Lucio Blanco Pitlo III: The direct impact of the war in Ukraine is mostly economic. The increased prices of fuel, food, and fertilizers are because both Russia and Ukraine are major producers of grain. Also, Russia is a major supplier of energy in the world market, which affected the Philippines. Moreover, inflation was high, and the country was just recovering from the pandemic of two and a half years. And then you have this inflation brought by the faraway conflict in Ukraine far away, but the effect was felt across the world. In this part of Asia in the relations between the Philippines and Russia before the war, President Duterte tried to warm up to Russia and to discuss areas for cooperation from energy to space and defence. But, of course, the war in Ukraine changed everything. For example, before there was a deal to procure Russian helicopters, but that was ditched because of concerns about U.S. reaction to it. Other countries have tried to moderate their acquisitions of Russian arms. So, the Russian defence sector is one of the severely affected sectors because of the fallout of this. But in relations with China, the issue of the South China Sea will still be a more prominent issue affecting bilateral relations and how the Philippine public will view its big neighbour. This idea of closer China-Russia relations has less appeal for the Filipino public because they’re more aware of what’s going on in the South China Sea than what’s going on in the Russia-Ukraine war. Therefore, I think the disputes in the South China Sea would help form public and elite’ opinion in the Philippines more than developments taking place in Ukraine.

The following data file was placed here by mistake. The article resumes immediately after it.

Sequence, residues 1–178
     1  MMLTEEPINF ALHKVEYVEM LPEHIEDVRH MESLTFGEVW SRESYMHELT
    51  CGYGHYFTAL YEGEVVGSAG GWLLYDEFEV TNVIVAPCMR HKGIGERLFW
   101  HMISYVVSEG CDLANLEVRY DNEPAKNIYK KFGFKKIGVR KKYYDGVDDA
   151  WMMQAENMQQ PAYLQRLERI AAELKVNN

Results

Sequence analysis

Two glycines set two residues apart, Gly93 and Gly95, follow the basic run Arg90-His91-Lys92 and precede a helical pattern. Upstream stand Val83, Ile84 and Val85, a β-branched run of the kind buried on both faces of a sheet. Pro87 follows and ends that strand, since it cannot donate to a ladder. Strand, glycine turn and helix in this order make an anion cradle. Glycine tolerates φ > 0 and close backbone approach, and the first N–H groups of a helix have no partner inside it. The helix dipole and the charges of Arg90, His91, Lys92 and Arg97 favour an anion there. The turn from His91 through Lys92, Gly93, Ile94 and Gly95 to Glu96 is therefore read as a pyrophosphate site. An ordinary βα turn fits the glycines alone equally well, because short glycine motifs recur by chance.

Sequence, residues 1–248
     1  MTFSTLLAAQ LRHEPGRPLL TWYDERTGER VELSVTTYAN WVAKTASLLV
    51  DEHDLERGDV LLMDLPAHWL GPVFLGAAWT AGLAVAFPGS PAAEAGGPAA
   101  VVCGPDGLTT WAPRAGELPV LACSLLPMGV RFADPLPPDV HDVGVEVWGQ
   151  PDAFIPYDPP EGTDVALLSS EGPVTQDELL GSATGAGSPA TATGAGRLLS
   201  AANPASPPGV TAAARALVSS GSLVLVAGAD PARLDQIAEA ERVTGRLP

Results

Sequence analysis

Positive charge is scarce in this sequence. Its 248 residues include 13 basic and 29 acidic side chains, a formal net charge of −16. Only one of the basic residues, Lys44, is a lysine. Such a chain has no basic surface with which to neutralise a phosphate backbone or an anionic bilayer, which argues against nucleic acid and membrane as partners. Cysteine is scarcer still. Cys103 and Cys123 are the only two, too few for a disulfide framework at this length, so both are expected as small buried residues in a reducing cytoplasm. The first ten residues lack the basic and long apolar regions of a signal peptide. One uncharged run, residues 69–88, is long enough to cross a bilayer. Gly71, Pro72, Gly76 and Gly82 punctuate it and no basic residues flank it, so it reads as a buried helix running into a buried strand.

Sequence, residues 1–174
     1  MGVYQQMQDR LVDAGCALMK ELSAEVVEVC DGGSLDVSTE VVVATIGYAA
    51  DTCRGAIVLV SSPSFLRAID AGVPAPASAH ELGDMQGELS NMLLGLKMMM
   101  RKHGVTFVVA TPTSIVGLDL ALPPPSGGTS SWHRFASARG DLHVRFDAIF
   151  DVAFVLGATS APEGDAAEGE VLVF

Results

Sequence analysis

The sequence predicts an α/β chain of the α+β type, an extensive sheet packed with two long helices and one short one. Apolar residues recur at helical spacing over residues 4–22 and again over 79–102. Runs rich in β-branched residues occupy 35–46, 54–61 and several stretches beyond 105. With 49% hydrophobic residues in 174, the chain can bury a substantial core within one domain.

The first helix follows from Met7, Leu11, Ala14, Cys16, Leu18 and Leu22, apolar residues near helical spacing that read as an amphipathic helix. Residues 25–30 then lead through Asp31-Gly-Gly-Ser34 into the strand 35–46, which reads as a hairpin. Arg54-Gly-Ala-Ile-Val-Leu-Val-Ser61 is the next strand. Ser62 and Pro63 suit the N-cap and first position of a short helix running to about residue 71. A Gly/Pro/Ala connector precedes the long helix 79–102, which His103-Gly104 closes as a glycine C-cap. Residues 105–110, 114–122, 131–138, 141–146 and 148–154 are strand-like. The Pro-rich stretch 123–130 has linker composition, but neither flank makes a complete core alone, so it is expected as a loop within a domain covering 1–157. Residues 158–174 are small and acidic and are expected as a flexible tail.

Raigirdas Boruta: Unfortunately, the time is running out and I think there are still many topics that we could also touch upon. But I would like to thank you, Lucio, for sharing your interesting and useful insights on these really complicated, but more than ever relevant topics. I wish you a great and productive remaining stay in Taiwan and hope to see you again on our podcast or other EESC events in the near future!
You can listen to the full podcast HERE.